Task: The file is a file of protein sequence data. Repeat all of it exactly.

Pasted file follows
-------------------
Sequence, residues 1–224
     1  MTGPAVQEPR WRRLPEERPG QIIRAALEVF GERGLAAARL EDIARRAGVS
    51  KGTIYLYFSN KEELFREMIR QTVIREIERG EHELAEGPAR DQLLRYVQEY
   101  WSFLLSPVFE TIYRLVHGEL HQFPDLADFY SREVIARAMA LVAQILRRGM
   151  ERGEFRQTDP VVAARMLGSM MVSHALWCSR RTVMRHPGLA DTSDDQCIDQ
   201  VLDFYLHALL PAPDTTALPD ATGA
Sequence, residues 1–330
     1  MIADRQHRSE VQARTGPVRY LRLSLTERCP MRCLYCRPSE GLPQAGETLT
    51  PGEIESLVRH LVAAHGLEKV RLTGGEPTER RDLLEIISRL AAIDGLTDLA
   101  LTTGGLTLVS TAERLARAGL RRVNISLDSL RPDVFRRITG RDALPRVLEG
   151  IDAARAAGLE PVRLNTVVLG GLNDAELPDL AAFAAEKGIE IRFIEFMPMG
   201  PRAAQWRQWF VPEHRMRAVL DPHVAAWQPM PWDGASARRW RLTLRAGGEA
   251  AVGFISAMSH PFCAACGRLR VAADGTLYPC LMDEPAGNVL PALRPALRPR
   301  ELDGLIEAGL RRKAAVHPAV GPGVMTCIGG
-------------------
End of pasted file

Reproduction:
Sequence, residues 1–224
     1  MTGPAVQEPR WRRLPEERPG QIIRAALEVF GERGLAAARL EDIARRAGVS
    51  KGTIYLYFSN KEELFREMIR QTVIREIERG EHELAEGPAR DQLLRYVQEY
   101  WSFLLSPVFE TIYRLVHGEL HQFPDLADFY SREVIARAMA LVAQILRRGM
   151  ERGEFRQTDP VVAARMLGSM MVSHALWCSR RTVMRHPGLA DTSDDQCIDQ
   201  VLDFYLHALL PAPDTTALPD ATGA
Sequence, residues 1–330
     1  MIADRQHRSE VQARTGPVRY LRLSLTERCP MRCLYCRPSE GLPQAGETLT
    51  PGEIESLVRH LVAAHGLEKV RLTGGEPTER RDLLEIISRL AAIDGLTDLA
   101  LTTGGLTLVS TAERLARAGL RRVNISLDSL RPDVFRRITG RDALPRVLEG
   151  IDAARAAGLE PVRLNTVVLG GLNDAELPDL AAFAAEKGIE IRFIEFMPMG
   201  PRAAQWRQWF VPEHRMRAVL DPHVAAWQPM PWDGASARRW RLTLRAGGEA
   251  AVGFISAMSH PFCAACGRLR VAADGTLYPC LMDEPAGNVL PALRPALRPR
   301  ELDGLIEAGL RRKAAVHPAV GPGVMTCIGG